Can Active Seniors Gain Stress-Reducing Results From Acute Exercise?
Roger T. Couture and Jochen Bocksnick
Laurentian University and University of Lethbridge
Not all senior citizens stop being active after society considers them past their prime. Though mental strategies are frequently construed as the treatment of choice for reducing anxiety, a body of literature has shown that somatic interventions such as acute exercises have relaxing effects on young adults and could be effective particularly for seniors as well. This study examined the effects of a brisk walk on somatic state anxiety with older physically fit women. Forty volunteers (age M = 68, SD = 5.3) were randomly assigned to two groups. The experimental group walked for 20 minutes while a control group sat near an indoor running track. Peripheral digital temperature, heart rate, state cognitive and somatic anxiety were measured. A significant somatic change occurred in peripheral digital temperature between groups and between times. The experimental group was less somatically anxious after the walk than after a restful sitting period. Twenty minutes after the walk, the experimental group showed higher levels of peripheral digital temperature. No significant differences were noticed in state anxiety. As healthy elderly women, state anxiety was not manifested prior to the walk likely because the brisk walk was not perceived as a competitive event. This study suggests that a brisk walk will have positive lasting effects on somatic anxiety. Future research should examine the effects of a brisk walk on senior athletes in a competitive environment as it relates to a somatic stress-reducing strategy.
Over 14,000 qualifying seniors and took part in the Senior Olympics at Hampton Roads, Virginia, USA in 2003. The Roslyn News reported that the oldest competitor, a male swimmer was 101 years old and there was a 95+-age category for the 100-meter race (Scotchie, 2003). With a 56% increase in the number of Senior Olympics participants from 1999 to 2003, the trend shows that older adults are being active at a higher performance level. More senior citizens are encouraged to continue their sporting involvement at national and international events (e.g., the World FINA Masters championship, Senior Olympics, the Senior National Games and the Golden Age Games).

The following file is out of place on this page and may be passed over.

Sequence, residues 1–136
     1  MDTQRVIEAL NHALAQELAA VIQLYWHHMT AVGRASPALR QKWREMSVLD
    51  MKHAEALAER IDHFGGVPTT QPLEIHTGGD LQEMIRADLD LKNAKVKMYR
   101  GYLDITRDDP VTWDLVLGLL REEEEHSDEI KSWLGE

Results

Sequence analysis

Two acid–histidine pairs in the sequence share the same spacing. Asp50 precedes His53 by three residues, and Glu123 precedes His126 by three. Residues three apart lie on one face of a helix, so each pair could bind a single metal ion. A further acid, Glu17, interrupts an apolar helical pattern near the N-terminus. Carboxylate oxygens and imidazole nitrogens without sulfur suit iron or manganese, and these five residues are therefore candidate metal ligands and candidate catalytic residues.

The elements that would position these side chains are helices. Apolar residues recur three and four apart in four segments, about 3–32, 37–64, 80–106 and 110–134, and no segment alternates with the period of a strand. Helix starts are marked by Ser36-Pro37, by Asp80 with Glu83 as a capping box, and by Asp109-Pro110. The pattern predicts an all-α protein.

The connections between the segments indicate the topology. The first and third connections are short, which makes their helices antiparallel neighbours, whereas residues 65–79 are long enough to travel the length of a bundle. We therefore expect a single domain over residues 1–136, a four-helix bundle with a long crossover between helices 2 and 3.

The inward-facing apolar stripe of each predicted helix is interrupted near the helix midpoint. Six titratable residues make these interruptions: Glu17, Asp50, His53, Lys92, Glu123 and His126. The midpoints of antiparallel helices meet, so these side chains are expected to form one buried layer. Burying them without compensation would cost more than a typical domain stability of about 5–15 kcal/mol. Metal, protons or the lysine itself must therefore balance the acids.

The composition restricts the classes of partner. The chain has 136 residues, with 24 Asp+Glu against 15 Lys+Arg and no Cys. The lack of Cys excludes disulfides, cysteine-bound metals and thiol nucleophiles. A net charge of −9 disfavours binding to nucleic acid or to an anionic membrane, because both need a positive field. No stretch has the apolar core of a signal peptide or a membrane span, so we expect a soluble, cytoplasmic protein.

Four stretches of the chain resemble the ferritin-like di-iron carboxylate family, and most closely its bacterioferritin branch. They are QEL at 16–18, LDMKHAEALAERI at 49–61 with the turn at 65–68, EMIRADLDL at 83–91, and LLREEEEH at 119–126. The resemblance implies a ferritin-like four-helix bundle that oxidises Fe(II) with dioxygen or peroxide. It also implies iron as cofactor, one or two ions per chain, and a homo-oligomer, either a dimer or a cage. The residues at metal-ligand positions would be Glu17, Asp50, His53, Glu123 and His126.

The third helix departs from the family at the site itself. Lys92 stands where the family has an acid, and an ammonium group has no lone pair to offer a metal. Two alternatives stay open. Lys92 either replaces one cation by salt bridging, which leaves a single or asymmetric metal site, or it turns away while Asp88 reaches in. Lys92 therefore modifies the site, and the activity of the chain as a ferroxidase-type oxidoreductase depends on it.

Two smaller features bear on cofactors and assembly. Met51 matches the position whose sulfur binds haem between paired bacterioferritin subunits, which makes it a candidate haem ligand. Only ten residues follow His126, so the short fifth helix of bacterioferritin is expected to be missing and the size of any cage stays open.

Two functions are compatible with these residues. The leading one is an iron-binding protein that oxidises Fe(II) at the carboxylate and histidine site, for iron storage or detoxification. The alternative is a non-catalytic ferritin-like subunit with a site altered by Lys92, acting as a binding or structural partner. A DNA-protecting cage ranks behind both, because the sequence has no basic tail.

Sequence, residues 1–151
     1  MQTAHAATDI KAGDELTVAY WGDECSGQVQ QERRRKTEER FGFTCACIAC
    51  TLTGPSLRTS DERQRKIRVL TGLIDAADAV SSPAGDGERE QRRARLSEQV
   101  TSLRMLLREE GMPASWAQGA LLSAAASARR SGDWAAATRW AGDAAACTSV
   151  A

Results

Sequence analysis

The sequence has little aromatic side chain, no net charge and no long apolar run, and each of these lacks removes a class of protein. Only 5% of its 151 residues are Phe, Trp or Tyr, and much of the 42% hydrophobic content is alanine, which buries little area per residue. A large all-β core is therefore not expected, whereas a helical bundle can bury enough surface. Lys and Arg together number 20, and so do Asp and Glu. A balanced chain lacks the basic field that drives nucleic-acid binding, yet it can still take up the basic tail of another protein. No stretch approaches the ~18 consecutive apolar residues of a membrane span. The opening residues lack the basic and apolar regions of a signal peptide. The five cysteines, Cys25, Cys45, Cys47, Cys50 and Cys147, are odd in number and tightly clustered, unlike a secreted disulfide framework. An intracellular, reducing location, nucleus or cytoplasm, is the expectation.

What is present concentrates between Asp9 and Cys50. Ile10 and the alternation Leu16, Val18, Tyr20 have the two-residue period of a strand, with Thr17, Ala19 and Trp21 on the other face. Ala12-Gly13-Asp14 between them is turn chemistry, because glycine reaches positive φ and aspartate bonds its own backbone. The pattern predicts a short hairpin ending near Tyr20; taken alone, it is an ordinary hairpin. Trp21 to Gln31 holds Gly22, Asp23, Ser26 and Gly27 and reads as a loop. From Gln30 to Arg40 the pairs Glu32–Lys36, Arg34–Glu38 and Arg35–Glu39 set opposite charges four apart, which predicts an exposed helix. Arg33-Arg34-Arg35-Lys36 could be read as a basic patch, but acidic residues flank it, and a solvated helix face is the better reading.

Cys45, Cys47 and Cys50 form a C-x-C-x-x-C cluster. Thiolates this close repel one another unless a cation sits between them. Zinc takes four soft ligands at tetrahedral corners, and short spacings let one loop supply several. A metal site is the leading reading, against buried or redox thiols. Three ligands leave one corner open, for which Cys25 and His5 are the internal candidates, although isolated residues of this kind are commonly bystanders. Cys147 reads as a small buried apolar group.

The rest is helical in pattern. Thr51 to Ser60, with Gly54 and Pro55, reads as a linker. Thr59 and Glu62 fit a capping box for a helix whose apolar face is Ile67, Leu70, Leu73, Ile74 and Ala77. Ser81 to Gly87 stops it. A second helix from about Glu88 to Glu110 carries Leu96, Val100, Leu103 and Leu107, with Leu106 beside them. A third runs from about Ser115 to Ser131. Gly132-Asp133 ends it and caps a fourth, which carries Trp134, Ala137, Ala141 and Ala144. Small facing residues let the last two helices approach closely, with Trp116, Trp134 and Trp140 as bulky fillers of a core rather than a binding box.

Like elite competitors, older fit adults must maintain healthy and active lifestyles to remain physically well. Similarly, when taking part in organised activities, the psychological hurdles of physical tension and mental pressures do arise before competing. Athletes regularly use mental training before and during warm-ups. Often, cognitive interventions are seen as the panacea to many sport performance solutions for addressing irrational fears or imaging performance rehearsals to reduce cognitive distracters (c.f. Bakker &Whiting, 1989; Orlick, 2002; Ungerleider, 1996).
Unlike most competitive athletes, senior participants face extra detrimental aging effects; progressively impaired static balance (Gustafson, Noaksson, Kronhed, Moller & Moller, 2000), greater number of chronic diseases (Wild, Peeters, Hoefnagels, Oeseburg, & Binkhorst, 1997), decreasing levels of maximal oxygen uptake, drops in cognitive performance (Pirani, Neri, Belloi, Dinelli & Vecchi, 1984), increased memory loss (Fabre, Masse-Biron, Chamari, 1999).
Older adults cannot rely on mental strategies alone for controlling somatic and cognitive anxiety. One direction to explore has been to examine the effects of exercise for reducing state anxiety and for improving physical attributes. While impaired static balance and chronic diseases are realities, the speed at which maximal oxygen uptake, cognitive performance and memory loss deteriorate can be lessened.
Effects of Aerobic Training on Older Adults
Aerobic training is known to be physiologically helpful for older adults (Cupelli et al., 1984; Hawkins & Wiswell, 2003). Though maximal oxygen uptake of older athletes decreases even with continued vigorous endurance exercise at about 8 to15% per decade, a much greater drop is noticed in sedentary people (Pollock et al., 1997). Some researchers have shown that the master athletes who continue to engage in regular vigorous endurance exercise will reduce the gradual loss in maximal oxygen uptake by about one-half the rate in age-matched sedentary subjects (Rogers, Hagberg, Martin 3rd, Ehsani & Holloszy, 1990).
One study supporting the practical effects of aerobic exercise on older adults, evaluated the outcome of a four-month aerobic exercise program of 51-70 yr old volunteers on several levels including neuropsychological test performance, depression indices, sensory thresholds, and visual acuity (Dustman et al., 1984). Their results showed that aerobically trained participants had significantly improved scores on the neuropsychological test battery compared to the control group. Dustman et al. (1984) suggest that the promotion of better cerebral metabolic activity leads to improved results in lessening memory loss. Further, since aerobic exercise increases maximal oxygen uptake, more oxygen is thought to go to the brain and thereby improving memory (Fabre, Masse-Biron, Chamari, 1999). Though this hypothesis has been contested and may be oversimplified, many studies have examined the effects of aerobic exercise and maximal oxygen uptake on performance (c.f. Hawkins & Wiswell, 2003).